As Earth zips along its orbit, it slides through the dusty trails of asteroids and comets. These are what we’ve come to know as meteor showers. There are nine main meteor showers that can be witnessed around the world throughout the year and are named after the constellations across which they streak.
Meteoroids, which burn up in the atmosphere, can be as small as a dust grain or as large as a small asteroid. Once they hit Earth’s surface, they’re called meteorites. On most nights, astronomy buffs will witness a handful of meteors, but during a meteor shower there could be as many as 140 meteors visible per hour.
The Next Meteor Shower: The Quadrantids
January is marked by the Quadrantids meteor showers, which are active from Dec. 28 to Jan. 12 but peak during the late evening and early hours of Jan. 3-4. Viewers in the Northern hemisphere (and as far south as 51 degrees south) can expect to see, at peak, around 80 meteors in the sky.
The Quadrantids are unique for a few reasons. While many meteor showers have a peak that lasts several days, the Quadrantids’ peak only lasts a few hours because the stream of dust that supplies it is so short, according to NASA. This meteor shower also brings brighter meteors. This is because the particles that pass through the atmosphere during this shower are larger.
Additionally, the dust trails that cause many of these meteor showers are fed by comets. The Quandrantids, on the other hand, along with the Geminids, are fed by especially leaky asteroids. The asteroid 2003 EH1, which feeds the Quadrantids, was discovered in 2003 by the Lowell Observatory Near-Earth Object Search and was identified as the source of the meteor shower by Peter Jenniskens, according to NASA.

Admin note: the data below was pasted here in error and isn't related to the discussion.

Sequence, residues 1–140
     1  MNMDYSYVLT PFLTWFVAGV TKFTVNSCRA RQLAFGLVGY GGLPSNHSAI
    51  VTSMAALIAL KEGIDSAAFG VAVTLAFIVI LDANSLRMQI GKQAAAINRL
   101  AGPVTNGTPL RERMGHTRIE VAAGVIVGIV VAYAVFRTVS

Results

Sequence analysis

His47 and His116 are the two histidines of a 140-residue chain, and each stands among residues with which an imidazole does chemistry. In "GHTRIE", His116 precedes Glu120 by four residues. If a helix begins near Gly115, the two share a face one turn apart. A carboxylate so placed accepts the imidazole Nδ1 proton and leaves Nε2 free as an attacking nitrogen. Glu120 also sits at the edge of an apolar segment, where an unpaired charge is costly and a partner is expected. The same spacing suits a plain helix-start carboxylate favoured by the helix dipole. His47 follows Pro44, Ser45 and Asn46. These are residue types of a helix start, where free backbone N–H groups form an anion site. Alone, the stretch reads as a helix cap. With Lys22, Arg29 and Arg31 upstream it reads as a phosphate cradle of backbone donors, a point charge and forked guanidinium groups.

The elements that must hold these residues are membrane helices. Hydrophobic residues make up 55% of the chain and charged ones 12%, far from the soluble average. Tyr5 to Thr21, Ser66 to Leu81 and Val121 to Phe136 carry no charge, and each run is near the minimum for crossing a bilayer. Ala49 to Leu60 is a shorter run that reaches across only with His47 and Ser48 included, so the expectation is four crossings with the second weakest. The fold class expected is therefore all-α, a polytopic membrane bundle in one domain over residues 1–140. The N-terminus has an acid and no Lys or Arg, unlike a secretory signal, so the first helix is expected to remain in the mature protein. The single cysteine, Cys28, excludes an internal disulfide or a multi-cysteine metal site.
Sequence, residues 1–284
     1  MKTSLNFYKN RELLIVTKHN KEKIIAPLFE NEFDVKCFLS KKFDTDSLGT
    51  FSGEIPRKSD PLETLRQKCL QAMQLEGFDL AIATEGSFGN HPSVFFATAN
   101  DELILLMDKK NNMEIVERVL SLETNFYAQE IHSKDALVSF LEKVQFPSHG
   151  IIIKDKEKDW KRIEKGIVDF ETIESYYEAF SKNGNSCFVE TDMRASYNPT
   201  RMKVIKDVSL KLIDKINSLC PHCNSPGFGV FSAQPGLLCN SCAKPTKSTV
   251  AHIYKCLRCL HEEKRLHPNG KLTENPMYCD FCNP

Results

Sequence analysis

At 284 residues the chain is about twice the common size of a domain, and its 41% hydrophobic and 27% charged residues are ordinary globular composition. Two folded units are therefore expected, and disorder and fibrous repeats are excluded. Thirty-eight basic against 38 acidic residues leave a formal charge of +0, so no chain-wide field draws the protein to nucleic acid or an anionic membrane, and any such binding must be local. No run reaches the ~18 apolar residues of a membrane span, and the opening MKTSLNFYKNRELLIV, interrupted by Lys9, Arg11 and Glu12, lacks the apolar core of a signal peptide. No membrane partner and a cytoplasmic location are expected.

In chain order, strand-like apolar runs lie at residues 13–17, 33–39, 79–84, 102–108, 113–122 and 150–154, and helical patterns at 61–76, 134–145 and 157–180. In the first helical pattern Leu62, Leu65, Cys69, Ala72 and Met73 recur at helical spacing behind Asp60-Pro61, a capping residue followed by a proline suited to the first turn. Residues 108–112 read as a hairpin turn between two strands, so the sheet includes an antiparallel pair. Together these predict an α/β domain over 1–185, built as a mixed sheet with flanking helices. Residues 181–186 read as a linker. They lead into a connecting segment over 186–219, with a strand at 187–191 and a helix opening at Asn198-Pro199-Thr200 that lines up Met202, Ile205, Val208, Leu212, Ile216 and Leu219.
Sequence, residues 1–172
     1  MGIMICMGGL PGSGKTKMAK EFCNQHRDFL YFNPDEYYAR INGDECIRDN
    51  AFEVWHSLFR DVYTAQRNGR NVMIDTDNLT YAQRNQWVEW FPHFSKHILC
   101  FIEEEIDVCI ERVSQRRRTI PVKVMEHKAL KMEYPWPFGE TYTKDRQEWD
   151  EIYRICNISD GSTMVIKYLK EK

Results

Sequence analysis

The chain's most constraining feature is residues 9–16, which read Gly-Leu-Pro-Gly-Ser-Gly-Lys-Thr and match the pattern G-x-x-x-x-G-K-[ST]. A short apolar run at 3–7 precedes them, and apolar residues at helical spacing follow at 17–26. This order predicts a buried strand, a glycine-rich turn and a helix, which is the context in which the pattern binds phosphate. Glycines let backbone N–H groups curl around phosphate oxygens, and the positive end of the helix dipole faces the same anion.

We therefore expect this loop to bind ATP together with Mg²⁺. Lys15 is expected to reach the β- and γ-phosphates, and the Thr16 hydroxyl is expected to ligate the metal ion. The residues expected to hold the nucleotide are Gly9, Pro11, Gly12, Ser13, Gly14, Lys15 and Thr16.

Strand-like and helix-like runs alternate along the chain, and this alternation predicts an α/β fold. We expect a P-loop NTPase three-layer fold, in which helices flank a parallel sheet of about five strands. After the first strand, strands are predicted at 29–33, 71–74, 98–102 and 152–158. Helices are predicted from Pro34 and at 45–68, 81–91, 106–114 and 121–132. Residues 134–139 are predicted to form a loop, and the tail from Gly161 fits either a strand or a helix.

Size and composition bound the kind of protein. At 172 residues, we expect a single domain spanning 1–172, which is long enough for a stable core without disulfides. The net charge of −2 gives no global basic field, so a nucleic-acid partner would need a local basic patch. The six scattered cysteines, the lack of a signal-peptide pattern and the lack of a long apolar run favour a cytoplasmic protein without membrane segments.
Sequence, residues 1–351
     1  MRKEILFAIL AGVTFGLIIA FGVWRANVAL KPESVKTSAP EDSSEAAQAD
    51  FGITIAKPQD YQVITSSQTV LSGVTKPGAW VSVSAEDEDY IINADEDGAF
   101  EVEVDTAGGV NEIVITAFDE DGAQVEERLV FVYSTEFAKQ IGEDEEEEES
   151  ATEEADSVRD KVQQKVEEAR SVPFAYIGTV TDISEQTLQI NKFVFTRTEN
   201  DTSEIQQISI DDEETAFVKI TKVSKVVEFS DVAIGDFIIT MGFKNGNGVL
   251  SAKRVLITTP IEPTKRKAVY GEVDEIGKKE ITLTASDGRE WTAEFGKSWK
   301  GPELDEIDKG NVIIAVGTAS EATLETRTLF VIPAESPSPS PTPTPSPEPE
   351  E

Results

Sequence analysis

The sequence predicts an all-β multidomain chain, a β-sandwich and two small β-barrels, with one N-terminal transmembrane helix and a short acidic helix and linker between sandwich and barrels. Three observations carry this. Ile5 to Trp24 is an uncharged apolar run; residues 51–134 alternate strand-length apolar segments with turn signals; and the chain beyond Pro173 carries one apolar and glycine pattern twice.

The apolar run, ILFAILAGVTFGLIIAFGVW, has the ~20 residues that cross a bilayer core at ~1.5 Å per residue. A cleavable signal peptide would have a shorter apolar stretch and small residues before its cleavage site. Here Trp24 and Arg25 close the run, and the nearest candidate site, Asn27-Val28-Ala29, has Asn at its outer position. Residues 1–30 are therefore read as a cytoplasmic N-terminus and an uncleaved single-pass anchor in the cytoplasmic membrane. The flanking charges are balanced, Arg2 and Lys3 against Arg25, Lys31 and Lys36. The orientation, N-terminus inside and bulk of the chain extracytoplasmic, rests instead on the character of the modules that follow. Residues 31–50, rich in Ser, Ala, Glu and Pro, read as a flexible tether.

Where Do Meteor Showers Come From?
As comets and asteroids approach the sun, ice melts and they begin to shed dust and rock. Asteroids, however, stop shedding material as the sail away from the sun. In December 2019, astronomers revealed at the American Geophysical Union Fall Meeting in San Francisco, California, that another famed meteor shower, the Geminids, are also sourced by an asteroid, called 3200 Phaethon.
All meteor showers seem to originate from one region in the sky. This is usually the constellation they are named after. For example, the Perseids originate in the constellation Perseus and the Orionids originate in the constellation Orion. The Quadrantids, are named for an obsolete constellation no longer officially recognized by the International Astronomical Union called “Quadrans Muralis.”
When Are All the Other Meteor Showers?
Active: Dec. 27 – Jan. 10
Peak: Jan. 3-4
Active: April 16 – April 28
Peak: April 21-22
Active: April 19 – May 28
Peak: May 6-7
Southern delta Aquariids
Active: July 12 – Aug. 23
Peak: July 29-30
Active: July 17 – Aug. 26
Peak: Aug. 11-12
Active: Oct. 2 – Nov. 7
Peak: Oct. 21-22
Active: Nov. 6 – Nov. 30
Peak: Nov. 16-17
Active: Dec. 4 – Dec. 17
Peak: Dec. 13-14
Active: Dec. 17 – Dec. 26
Peak: Dec. 22-23